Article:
The Central Bank stated that it has retained the Srei Infrastructure Finance Limited (SIFL) and Srei Equipment Finance Limited Advisory Committees (SEFL). The RBI created a three-member Advisory Committee on October 4 to help Rajneesh Sharma, Administrator of Srei Infrastructure Finance Limited (SIFL) and Srei Equipment Finance Limited (SEFL), in carrying out his responsibilities.
“It may be remarked that, in the exercise of the powers conferred under Section 45-IE (5) (a) of the Reserve Bank of India Act, 1934, the Reserve Bank had, on October 4, 2021, comprised a three-member Advisory Committee to assist Rajneesh Sharma, Administrator of Srei Infrastructure Finance Limited (SIFL) and Srei Equipment Finance Limited (SEFL),” read the official statement from the Central Bank.
Subramaniakumar, former MD and CEO of Indian Overseas Bank; TT Srinivasaraghavan, former Managing Director of Sundaram Finance Limited; and Farokh N Subedar, former Chief Operating Officer and Company Secretary of Tata Sons Limited are among the members of the Committee.
The Reserve Bank has decided that the above-mentioned three-member Committee will continue to serve as the Advisory Committee constituted under Rule 5 (c) of the Insolvency and Bankruptcy Rules, as a result of the Kolkata Bench of the National Company Law Tribunal admitting petitions for insolvency resolution process in respect of SIFL and SEFL via orders dated October 8, 2021.
During the corporate insolvency resolution process, the Advisory Committee will advise the Administrator on the activities of the SIFL and SEFL.
Further Key Takeaways
Srei Infra and Srei Equipment, two Srei group NBFCs with comparable concerns to Dewan Housing Finance Corporation Ltd or DHFL, are following the same road. Piramal Group formally acquired the bankrupt DHFL a few days ago, and just as it was closing down, another shadow bank, Srei Group, has emerged to the fore.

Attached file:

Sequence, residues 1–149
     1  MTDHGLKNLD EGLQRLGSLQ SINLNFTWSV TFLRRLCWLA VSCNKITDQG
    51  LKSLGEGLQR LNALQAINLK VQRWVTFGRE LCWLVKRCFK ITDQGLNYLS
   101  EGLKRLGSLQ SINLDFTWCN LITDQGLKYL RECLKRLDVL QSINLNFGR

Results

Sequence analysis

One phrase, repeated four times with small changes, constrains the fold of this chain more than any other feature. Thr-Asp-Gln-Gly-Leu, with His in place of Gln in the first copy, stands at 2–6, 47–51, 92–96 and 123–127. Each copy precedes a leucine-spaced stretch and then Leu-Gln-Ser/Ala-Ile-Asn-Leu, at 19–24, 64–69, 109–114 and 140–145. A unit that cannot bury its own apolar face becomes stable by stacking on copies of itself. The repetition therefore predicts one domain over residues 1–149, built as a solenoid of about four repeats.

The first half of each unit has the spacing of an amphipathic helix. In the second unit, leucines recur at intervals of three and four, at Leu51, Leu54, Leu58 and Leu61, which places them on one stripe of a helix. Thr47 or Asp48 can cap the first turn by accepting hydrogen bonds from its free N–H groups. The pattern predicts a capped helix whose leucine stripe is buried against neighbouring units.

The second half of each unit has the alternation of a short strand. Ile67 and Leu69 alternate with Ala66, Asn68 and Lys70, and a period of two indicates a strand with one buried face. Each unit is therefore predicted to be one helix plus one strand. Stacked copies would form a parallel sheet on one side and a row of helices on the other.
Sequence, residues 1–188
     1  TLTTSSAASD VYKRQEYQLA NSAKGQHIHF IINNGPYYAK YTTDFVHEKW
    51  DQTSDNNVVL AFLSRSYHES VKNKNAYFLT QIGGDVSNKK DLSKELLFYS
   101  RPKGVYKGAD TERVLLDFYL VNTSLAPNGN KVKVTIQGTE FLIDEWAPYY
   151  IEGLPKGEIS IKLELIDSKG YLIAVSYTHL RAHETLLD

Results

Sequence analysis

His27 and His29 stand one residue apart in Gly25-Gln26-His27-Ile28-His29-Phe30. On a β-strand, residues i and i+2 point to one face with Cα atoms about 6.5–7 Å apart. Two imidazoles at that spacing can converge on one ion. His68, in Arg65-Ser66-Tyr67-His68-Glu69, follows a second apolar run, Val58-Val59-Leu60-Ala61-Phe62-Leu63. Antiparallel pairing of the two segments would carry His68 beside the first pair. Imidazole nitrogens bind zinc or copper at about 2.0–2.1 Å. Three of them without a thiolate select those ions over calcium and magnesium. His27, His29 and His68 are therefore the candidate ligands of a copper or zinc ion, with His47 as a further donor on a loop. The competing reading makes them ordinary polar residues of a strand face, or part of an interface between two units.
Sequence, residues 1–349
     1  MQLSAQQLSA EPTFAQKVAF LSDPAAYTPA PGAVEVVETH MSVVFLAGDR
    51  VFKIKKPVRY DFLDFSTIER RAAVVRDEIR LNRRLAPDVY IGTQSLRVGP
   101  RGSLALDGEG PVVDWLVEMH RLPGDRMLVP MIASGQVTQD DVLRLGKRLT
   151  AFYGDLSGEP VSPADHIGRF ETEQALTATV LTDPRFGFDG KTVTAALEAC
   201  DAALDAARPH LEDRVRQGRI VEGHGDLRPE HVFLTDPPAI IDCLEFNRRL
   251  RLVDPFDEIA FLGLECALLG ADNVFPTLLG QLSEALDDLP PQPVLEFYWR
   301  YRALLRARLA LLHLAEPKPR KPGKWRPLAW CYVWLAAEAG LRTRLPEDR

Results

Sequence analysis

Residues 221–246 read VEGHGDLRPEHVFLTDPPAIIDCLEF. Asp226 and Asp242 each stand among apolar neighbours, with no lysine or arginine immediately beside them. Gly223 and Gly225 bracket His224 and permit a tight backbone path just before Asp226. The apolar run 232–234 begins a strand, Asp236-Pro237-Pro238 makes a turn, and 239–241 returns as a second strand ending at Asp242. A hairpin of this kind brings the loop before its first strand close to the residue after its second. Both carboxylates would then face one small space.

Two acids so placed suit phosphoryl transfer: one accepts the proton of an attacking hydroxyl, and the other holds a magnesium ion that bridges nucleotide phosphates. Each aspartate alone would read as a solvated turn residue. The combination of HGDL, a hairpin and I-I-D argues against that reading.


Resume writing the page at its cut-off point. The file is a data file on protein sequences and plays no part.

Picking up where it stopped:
As of September 30, 2021, the aggregate borrowing of the two NBFCs is estimated to be over Rs. 30,000 crore. This loan book contains not just loans from commercial banks such as UCO Bank and Axis Bank, as well as loans from domestic organisations such as NABARD, IFC, and SIDBI, but also a significant amount of public money in the form of NCD borrowings.
Many government-run businesses have invested in the two NBFCs’ debentures. Following RBI’s decision to supersede the boards of the two Srei NBFCs, Adisri Commercial Private Ltd, the promoters of the Srei Group, filed a writ suit against the apex bank, appealing the ruling and seeking a stay on the bankruptcy proceedings against Srei Infra and Srei Equipment.
However, on October 7, 2021, the Bombay High Court dismissed its appeal. The RBI has now filed an insolvency petition with the NCLT against the two Srei Group NBFCs, requesting a DHFL-style resolution.
With the complications of related-party transactions and the amount of public money involved in the form of provident funds, the Srei group’s insolvency will not be as straightforward as DHFL’s took two years to complete.
Frequently Asked Questions (FAQs)
Q1. What is an NBFC and what does it do?
Non-Banking Financial Company, or NBFC, is a firm that operates under the Indian Companies Act and provides loans and advances to the general public. An NBFC can buy shares, stocks, bonds, debentures, and securities from the government and local governments, as well as any other marketable security.
Q2. Why are non-banking financial companies (NBFCs) vital to the economy?
NBFCs provide a significant contribution to the economy by lending money to infrastructure projects, which are critical in a developing country like India. They also offer small-ticket loans for low-cost housing projects. All of this contributes to the country’s inclusive growth.